The Geeks discuss self-driving cars, face recognition, terrible job interviews, and get fannish at the in-person appearance of our Canadian correspondent, Greg Merkley
But on Thursday, Elon Musk, chief executive of Tesla, took a big step in that direction when he announced that the maker of high-end electric cars would introduce autonomous technology by this summer. The technology would allow drivers to have their cars take control on what he called “major roads” like highways.
Lyft: Google, Tesla, Mercedes and others are working hard to build the best self-driving car. But will anyone actually buy them? In a Q&A session at this year’s South by Southwest, Lyft CEO Logan Green insisted the answer is No._
when you’re applying for a job: You provide the information that the employer is most interested in. And yes, that includes past experience, but HigherMe leads with your location and available hours, as well as covering questions that the employer wants to ask. You can also create a “video cover letter,” which will (hopefully) do a better job of conveying your personality than a few written paragraphs.
Target has agreed to pay US$10 million in a proposed settlement to a class-action lawsuit stemming from its massive 2013 data breach.
The proposal, which requires U.S. federal court approval, calls for individual victims to receive up to $10,000. As many as 110 million people were affected by the attack, which occurred during the holiday shopping season.
Today we’re adding a new feature in Messenger that gives people a more convenient and secure way to send or receive money between friends. This feature will be rolling out over the coming months in the US.
Traditional technical interviews are terrible for everyone. They’re a bad way for companies to evaluate candidates. They’re a bad way for candidates to evaluate companies. They waste time and generate stress on both sides. Almost everyone, if pressed, will admit this. And yet they persist.
Over the last few months, an obscure panel within the California Department of Justice (DOJ) has been taking steps to connect the statewide law-enforcement system for accessing driver license photos and mugshots, Cal-Photo, with a national network of other states’ photo systems.
Last week, a trio of Google GOOG 0.42% researchers published a paper on a new artificial intelligence system dubbed FaceNet that it claims represents the most-accurate approach yet to recognizing human faces. FaceNet achieved nearly 100-percent accuracy on a popular facial-recognition dataset called Labeled Faces in the Wild, which includes more than 13,000 pictures of faces from across the web. Trained on a massive 260-million-image dataset, FaceNet performed with better than 86 percent accuracy.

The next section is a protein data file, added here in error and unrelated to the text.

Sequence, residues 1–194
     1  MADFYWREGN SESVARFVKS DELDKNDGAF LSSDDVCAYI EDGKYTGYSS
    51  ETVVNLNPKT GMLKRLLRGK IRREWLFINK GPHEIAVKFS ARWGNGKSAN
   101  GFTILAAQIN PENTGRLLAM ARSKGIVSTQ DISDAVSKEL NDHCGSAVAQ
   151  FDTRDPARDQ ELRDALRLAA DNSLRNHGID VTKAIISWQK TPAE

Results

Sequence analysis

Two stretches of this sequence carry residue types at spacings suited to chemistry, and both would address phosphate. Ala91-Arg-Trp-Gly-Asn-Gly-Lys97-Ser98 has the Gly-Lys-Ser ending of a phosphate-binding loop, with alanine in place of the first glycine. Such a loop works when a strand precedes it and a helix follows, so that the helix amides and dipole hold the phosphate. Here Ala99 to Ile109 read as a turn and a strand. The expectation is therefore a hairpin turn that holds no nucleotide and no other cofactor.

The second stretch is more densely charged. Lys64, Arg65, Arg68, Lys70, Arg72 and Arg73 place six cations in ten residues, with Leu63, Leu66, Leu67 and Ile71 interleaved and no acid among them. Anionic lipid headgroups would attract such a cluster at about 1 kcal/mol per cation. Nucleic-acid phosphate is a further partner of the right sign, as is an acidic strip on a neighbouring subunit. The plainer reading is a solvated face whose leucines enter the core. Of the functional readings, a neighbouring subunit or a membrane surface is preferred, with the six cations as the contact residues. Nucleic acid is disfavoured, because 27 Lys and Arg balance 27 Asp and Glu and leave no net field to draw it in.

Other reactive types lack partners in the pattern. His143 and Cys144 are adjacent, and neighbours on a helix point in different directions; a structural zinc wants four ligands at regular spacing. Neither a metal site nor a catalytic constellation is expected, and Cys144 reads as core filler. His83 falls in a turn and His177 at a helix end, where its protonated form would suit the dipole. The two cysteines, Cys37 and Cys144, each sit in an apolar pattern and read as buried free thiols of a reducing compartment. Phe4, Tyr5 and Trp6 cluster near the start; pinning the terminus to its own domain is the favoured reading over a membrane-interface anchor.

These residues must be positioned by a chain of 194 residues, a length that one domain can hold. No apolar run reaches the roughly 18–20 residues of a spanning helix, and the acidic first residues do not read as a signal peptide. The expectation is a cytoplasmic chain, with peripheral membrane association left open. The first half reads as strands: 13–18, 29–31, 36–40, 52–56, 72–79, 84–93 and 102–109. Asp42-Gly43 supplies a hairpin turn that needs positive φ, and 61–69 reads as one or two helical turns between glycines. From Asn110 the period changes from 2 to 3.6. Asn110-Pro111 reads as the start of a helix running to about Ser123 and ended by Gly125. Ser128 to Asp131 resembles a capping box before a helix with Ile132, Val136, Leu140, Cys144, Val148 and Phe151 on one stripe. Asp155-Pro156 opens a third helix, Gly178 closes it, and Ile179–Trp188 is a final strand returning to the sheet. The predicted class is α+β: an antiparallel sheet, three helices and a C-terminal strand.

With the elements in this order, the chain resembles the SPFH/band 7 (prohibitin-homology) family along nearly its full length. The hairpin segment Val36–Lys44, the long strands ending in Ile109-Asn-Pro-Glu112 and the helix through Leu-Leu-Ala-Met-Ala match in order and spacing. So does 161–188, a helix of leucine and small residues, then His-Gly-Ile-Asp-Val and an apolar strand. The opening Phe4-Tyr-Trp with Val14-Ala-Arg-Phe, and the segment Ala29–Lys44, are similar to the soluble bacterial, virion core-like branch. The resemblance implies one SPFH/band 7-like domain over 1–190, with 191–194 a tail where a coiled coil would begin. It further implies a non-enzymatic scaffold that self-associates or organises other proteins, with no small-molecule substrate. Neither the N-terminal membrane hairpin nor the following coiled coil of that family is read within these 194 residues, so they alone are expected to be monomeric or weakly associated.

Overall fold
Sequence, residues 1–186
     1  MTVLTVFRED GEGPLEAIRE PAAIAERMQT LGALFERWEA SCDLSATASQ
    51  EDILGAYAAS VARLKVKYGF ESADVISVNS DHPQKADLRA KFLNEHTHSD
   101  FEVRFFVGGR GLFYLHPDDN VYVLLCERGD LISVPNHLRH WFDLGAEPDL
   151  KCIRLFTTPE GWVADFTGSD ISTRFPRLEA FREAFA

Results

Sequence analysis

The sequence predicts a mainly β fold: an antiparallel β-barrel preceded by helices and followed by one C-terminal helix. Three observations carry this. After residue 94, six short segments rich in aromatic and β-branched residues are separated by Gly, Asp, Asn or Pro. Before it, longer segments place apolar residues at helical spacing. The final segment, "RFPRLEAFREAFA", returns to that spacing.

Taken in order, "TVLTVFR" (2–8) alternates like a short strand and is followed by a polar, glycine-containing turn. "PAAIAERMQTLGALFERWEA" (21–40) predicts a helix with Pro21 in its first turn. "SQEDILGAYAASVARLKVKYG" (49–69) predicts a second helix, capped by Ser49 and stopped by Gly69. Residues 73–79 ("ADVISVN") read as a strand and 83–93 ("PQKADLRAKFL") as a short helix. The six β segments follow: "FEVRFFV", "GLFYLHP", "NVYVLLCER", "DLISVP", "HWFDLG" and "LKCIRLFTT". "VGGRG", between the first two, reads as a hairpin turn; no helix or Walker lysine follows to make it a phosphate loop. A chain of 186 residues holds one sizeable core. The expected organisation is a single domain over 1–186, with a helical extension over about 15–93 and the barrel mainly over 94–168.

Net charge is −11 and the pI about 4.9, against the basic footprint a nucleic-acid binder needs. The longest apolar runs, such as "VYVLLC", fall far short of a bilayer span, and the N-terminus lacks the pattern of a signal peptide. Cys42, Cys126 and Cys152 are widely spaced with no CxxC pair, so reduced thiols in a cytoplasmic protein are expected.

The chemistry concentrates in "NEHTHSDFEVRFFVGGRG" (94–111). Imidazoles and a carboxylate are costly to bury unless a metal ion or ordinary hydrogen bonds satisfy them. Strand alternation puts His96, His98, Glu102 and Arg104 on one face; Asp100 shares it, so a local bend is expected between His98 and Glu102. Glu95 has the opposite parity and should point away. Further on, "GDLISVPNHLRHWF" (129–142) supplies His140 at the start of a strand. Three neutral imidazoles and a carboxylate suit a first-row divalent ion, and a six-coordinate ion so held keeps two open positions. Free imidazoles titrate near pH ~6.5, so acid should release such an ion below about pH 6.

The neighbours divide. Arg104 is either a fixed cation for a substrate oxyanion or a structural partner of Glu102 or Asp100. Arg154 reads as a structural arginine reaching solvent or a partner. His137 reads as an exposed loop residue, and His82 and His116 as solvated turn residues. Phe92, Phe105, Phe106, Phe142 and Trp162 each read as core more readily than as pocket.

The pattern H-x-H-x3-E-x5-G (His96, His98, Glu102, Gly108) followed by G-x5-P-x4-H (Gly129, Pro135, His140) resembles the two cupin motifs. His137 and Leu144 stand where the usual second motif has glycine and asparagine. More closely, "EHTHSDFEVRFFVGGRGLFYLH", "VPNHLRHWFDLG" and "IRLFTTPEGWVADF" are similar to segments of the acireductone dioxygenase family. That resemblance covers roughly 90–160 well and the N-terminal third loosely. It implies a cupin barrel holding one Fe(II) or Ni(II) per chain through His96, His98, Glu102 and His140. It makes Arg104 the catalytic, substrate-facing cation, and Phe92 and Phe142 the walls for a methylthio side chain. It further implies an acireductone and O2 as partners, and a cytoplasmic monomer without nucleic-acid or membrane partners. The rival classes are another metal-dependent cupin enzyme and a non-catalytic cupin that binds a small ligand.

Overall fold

Last week (the 03-14-2015 episode, Siri gets an alternative Lyft to Pi energy — in our Appplefest section — we covered the new new port for Macbooks. WE aren’t the only ones exasperated with Apple’s port-fiddling. language warning College Humor video about the ever-changing ports on MacBooks. Why are they changing it??? “Because Eff You, that’s why.”
Amazon.com will launch its one-hour delivery service, Prime Now, in the coming weeks in some parts of Baltimore, taking advantage of the pending opening of its massive new distribution center near Canton.
The service will be available in select zip codes to Amazon Prime subscribers, who pay $99 a year for unlimited free two-day delivery on more than 20 million items. The one-hour service, available through the Prime Now mobile app, costs $7.99, while two-hour delivery will be free.
Amazon.com Inc has won approval from U.S. federal regulators to test a delivery drone outdoors, as the e-commerce company pursues its goal of sending packages to customers by air, even as it faces public concern about safety and privacy.
The Federal Aviation Administration said on Thursday it issued an experimental airworthiness certificate to an Amazon business unit and its prototype drone, allowing test flights over private, rural land in Washington state.
While Microsoft has dropped hints that the Internet Explorer brand is going away, the software maker has now confirmed that it will use a new name for its upcoming browser successor, codenamed Project Spartan. Speaking at Microsoft Convergence yesterday, Microsoft’s marketing chief Chris Capossela revealed that the company is currently working on a new name and brand. “We’re now researching what the new brand, or the new name, for our browser should be in Windows 10,” said Capossela. “We’ll continue to have Internet Explorer, but we’ll also have a new browser called Project Spartan, which is codenamed Project Spartan. We have to name the thing.”
So, here are the facts as we understand them: Mars One has almost no money. Mars One has no contracts with private aerospace suppliers who are building technology for future deep-space missions. Mars One has no TV production partner. Mars One has no publicly known investment partnerships with major brands. Mars One has no plans for a training facility where its candidates would prepare themselves. Mars One’s candidates have been vetted by a single person, in a 10-minute Skype interview.
“My nightmare about it is that people continue to support it and give it money and attention, and it then gets to the point where it inevitably falls on its face,” said Roche. If, as a result, “people lose faith in NASA and possibly even in scientists, then that’s the polar opposite of what I’m about. If I was somehow linked to something that could do damage to the public perception of science, that is my nightmare scenario.”
IN THE HALLOWED halls of a crowded bottle shop, it can almost seem as though there are more craft beers on the market than there are stars in the sky. Still, you may want to make an effort to seek out Ground Control, a brew that’s truly—no, literally—stellar.